For US taxpayers, the CARES Act1 created a valuable new tax asset—the ability to carry net operating losses (NOLs) back five years.2 But a company’s access to that asset may depend on its tax sharing or tax allocation agreements (TSAs).

TSAs provide the framework for how consolidated group members use each other’s tax attributes and for how members are compensated for that use. That framework is important when a company leaves or joins a consolidated group. And it is all the more important when a tax attribute in the current year (such as an NOL) can be carried back to a year before that company left or joined the group.

But the landscape for TSAs is in flux. For example, the CARES Act set up the third NOL scheme in as many years:

(1) before 2018, two-year carrybacks were allowed;
(2) for 2018 and 2019, no carrybacks were allowed, and
(3) now, five-year carrybacks are temporarily allowed for NOLs from 2018, 2019 and 2020—including carrybacks to years with higher tax rates.

Against all that, the Supreme Court’s recent decision in Rodriguez v. FDIC changed the body of law that governs issues not addressed (or not clearly addressed) in a TSA.3

As a result, many (perhaps most) current TSAs will be out of date. They may not contemplate NOL carrybacks. If they do, they may not contemplate tax rate differences. And either way, their drafters may have assumed that a different body of law would govern open questions.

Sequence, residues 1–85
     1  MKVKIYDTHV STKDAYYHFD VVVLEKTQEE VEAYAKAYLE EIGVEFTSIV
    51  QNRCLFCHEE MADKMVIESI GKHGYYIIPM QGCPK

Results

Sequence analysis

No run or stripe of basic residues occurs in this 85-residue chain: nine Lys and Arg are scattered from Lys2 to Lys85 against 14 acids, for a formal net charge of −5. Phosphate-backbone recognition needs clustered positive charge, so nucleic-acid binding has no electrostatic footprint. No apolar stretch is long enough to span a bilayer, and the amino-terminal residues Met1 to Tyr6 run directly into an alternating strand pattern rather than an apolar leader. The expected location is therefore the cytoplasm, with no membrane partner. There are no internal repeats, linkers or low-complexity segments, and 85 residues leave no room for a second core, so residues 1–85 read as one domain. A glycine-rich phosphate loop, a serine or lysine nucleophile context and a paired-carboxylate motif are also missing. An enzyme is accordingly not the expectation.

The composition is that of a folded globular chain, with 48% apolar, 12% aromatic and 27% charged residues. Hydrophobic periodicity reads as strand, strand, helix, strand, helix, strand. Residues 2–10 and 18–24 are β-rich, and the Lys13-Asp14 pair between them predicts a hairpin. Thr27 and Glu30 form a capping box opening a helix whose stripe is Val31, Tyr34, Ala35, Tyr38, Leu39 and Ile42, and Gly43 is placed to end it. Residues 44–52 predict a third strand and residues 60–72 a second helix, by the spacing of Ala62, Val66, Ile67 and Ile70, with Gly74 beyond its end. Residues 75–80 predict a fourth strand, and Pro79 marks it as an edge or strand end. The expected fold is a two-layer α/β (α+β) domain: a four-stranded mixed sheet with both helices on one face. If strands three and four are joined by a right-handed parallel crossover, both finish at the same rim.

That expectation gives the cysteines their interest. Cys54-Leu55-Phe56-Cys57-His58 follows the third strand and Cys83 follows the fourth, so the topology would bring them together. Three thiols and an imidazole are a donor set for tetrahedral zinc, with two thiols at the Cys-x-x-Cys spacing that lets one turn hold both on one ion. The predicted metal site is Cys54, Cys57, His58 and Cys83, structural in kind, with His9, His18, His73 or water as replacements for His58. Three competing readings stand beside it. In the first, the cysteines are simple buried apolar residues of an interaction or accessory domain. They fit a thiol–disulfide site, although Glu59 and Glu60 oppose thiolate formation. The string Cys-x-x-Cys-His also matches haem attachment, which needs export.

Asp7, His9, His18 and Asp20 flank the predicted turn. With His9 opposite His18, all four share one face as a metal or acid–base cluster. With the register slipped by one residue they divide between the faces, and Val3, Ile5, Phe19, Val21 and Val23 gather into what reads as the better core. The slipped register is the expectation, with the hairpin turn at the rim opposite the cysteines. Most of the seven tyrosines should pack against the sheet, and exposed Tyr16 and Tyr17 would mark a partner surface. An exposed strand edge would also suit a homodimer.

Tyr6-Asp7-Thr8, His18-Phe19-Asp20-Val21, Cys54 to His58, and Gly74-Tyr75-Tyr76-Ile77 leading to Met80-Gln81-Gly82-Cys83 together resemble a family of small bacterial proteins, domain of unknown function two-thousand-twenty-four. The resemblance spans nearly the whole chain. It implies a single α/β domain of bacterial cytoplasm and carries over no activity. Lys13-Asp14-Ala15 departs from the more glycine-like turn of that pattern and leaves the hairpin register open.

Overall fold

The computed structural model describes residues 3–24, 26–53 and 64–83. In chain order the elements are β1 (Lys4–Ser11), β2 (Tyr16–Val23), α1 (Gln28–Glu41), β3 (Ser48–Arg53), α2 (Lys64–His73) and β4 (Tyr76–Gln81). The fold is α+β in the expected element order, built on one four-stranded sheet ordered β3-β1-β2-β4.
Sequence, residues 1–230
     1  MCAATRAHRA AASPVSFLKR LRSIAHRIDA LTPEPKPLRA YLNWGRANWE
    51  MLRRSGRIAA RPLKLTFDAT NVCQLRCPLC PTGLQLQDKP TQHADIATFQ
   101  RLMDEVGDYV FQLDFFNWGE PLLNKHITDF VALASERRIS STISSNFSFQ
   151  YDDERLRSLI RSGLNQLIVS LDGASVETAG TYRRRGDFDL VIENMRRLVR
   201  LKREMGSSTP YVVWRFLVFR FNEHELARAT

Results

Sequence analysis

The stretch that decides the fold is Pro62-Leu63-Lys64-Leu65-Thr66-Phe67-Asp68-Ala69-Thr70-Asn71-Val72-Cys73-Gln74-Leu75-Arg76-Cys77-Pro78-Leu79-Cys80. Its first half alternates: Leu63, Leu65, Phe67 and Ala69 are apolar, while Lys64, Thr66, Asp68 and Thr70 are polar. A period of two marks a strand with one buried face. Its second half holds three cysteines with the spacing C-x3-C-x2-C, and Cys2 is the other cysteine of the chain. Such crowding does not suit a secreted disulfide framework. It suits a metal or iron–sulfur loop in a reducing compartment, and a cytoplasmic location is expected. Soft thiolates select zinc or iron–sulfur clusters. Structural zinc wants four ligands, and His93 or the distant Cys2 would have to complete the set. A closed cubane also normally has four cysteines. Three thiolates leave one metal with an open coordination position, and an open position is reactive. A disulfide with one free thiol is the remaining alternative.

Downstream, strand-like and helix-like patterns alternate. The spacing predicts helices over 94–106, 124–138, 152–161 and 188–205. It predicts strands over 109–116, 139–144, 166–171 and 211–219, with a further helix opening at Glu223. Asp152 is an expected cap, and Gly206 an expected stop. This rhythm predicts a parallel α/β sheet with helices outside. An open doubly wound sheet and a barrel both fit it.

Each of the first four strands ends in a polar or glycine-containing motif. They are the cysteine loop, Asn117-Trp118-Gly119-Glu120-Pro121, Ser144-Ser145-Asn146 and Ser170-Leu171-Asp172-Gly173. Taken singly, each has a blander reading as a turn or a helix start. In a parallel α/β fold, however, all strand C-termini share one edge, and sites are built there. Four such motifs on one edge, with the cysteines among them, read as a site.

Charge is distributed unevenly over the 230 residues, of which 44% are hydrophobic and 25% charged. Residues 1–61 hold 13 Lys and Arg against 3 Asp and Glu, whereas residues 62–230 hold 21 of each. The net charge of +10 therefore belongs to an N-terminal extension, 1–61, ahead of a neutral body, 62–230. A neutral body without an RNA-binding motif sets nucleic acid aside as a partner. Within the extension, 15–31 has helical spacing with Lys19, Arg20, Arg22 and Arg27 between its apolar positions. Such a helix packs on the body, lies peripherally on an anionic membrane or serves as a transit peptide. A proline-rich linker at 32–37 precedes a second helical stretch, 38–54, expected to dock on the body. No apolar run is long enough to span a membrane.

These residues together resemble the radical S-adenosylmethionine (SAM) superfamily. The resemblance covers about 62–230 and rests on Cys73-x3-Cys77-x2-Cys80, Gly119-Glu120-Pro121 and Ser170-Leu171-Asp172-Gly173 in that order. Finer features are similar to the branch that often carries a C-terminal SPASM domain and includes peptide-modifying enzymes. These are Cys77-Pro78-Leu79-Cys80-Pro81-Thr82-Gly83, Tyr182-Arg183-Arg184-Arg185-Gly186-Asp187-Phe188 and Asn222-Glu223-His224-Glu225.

In short, it’s time for companies to focus on the NOL provisions of the CARES Act and to evaluate their TSAs.


The CARES Act. The CARES Act was the largest legislative response (so far)4 to the economic effects of the COVID-19 pandemic. The $2.2 trillion package had many components, including general tax relief, a major piece of which was the broadened use of NOL deductions.5

A few years earlier, Congress had substantially curtailed taxpayers’ ability to use NOLs as part of tax reform. There, through the Tax Cuts and Jobs Act (the TCJA),6 Congress eliminated taxpayers’ ability to carry back NOLs to prior years (before that, taxpayers could carry back NOLs two years). And for NOLs taxpayers sought to carry to future years, the TCJA imposed an 80% income limitation.

The CARES Act removed (at least temporarily) both restrictions. As Congress had done during the last financial crisis,7 it gave taxpayers the ability to carry back NOLs for a five-year period, potentially generating highly-valuable refund claims. This time, however, the carryback feature is supercharged, because—if carried to pre-2018 tax years—NOLs will offset income taxed at a much higher rate (35% rather than 21%). The CARES Act also provided a time-value-of-money benefit by temporarily removing the 80% income limitation. This allows immediate use of NOLs, as opposed to having to wait until future years to use them (for some taxpayers, this can end up being a permanent difference as well).8 To implement these relief provisions, the IRS even used its administrative authority to expand the 12-month deadlines for filing so-called “quick” refund claims, which allow taxpayers to receive these benefits within 90 days.9

For companies with NOLs to carry back, this looks like nothing but good news. So what could go wrong? The answer, depending on your situation, may be quite a bit.

Tax Sharing Agreements. For most corporate taxpayers, things are rarely so simple as having a loss in one year and income in another. To begin with, most corporate “taxpayers” are actually affiliated groups of taxpayers. And those groups often have members that previously were in different groups, have former members that are now in different groups, or have former members that are now separate taxpayers.